Directed by: Vaughn Stein
Cast: Margot Robbie, Simon Pegg, Dexter Fletcher, Mike Myers
Written by Dave Curtis
‘Terminal’ is a strange experience and not in a way that is totally enjoyable. The film is based in and around a dingy train terminal where some unpleasant characters dwell. Two hitmen (Dexter Fletcher and Max Irons), a depressed teacher (Simon Pegg) and a simple janitor (Mike Myers) skulk around the un-named city train terminal. At the terminal’s dirty cafe a mysterious waitress (Margot Robbie) involves herself into the men’s lives.
Director Vaughn Stein must be a big fan of Guy Ritchie’s early work because ‘Terminal’ reeks of ‘Lock Stock Smoking Barrels’ and particularly ‘Revolver’. The dialogue has that gangster twang that made Ritchie’s films so recognisable in the late nineties and early noughties, and sadly so ridiculed in the last decade. Somehow scripts like this no longer feel fresh, they feels dated and unimaginative. Just like ‘Revolver’, ‘Terminal’ is based in an unnamed city which seems to revolve around a dingy underworld full of scummy characters. It’s trying to be arty and different but it ends up feeling like a expensive student film. I mean its a very well made student film (one that loves neon lights) but it does feel a little amateur. Vaughn Stein is clearly a director with big ideas and has a strong eye for visuals. He has put in the hours being a assistant director to big feature films and good directors, but he has aimed too high with his first feature film. The script and some of the performances are real drawbacks.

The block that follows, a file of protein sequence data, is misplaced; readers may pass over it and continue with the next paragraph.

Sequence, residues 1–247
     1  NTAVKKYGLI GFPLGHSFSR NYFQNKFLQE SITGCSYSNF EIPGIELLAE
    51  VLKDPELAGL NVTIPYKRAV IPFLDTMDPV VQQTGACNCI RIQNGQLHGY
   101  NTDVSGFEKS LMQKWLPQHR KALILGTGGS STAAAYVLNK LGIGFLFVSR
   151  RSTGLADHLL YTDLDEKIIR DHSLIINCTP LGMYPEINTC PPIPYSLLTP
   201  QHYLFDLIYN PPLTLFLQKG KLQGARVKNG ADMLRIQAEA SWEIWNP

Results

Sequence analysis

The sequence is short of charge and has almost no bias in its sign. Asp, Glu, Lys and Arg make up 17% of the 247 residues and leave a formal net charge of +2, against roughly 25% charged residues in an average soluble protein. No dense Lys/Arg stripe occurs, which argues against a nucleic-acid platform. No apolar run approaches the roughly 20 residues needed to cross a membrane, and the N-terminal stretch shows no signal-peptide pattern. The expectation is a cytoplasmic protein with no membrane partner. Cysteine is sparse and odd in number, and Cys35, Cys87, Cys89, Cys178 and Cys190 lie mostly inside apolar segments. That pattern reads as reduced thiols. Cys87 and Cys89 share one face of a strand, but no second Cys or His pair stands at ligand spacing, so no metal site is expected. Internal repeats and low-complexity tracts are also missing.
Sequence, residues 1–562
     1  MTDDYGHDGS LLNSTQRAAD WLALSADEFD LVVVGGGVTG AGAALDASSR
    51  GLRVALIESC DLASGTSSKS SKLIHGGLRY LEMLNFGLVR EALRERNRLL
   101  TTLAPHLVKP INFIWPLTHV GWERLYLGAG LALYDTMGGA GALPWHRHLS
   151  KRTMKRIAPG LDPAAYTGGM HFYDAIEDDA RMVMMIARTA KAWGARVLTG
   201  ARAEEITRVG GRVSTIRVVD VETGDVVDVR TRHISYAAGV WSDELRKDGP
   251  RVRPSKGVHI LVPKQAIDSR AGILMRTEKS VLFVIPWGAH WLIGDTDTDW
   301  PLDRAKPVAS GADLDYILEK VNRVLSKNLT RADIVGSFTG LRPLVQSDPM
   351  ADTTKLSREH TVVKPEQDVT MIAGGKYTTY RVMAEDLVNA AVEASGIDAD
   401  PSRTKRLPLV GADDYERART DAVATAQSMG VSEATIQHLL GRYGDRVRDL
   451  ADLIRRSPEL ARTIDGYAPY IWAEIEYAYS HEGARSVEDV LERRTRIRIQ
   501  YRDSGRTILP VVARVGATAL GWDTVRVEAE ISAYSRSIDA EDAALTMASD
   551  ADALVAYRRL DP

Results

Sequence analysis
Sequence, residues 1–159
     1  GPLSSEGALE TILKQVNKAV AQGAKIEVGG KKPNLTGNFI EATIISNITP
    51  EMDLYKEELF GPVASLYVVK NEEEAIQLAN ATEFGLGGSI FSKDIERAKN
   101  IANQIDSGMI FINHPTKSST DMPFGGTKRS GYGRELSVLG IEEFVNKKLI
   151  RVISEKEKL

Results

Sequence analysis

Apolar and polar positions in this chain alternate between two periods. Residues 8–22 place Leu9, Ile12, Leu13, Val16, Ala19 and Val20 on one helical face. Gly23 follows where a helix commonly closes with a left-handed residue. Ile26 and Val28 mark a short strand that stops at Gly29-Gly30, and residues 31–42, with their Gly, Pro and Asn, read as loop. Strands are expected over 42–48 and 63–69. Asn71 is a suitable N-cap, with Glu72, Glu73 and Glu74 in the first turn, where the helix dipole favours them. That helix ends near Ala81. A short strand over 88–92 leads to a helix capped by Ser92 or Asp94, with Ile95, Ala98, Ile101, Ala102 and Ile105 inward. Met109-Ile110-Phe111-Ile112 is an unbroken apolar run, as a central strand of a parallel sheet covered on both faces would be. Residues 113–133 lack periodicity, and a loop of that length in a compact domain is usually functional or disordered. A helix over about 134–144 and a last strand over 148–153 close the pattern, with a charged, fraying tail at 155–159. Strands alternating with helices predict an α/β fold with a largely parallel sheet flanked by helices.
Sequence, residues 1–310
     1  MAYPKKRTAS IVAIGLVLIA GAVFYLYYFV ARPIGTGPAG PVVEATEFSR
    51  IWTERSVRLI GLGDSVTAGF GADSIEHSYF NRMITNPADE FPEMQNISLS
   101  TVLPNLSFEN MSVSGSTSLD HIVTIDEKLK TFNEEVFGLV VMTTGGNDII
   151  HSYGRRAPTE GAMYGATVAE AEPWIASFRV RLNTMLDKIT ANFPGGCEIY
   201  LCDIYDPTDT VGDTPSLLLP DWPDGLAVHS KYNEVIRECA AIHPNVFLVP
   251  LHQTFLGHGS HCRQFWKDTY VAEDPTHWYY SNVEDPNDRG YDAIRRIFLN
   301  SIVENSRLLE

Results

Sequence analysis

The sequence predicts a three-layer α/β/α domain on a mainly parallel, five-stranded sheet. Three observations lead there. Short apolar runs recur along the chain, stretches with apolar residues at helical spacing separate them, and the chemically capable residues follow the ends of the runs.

It was nice to see Mike Myers back on the big screen, but his casting here is just bizarre. He is caked in latex and comes across as one of his characters from ‘Austin Powers’ or ‘The Love Guru’. Margot Robbie plays Annie who is central to the plot. Her British accent (I think it’s meant to be British) is very questionable, but maybe that’s the point. Robbie looks like she is having fun and she commits to the role. It is great that she is getting leading lady roles, but she can’t even save what on paper looked like a interesting character but on the screen it just doesn’t work. Dexter Fletcher (one of the nicest men in the biz) returns to his ‘Lock Stock’ roots and spends most of the run time bickering with Max Irons which is more annoying than entertaining.
Overall ‘Terminal’ is a strange film with a bizarre cast (Mike Myers!), it means well and aims very high but it just doesn’t all gel together. The shocks and twists can be seen from a mile away and the Guy Ritchie type script just feels dated. Overall a confident but flawed first film from Vaughn Stein but his second film must be a lot better.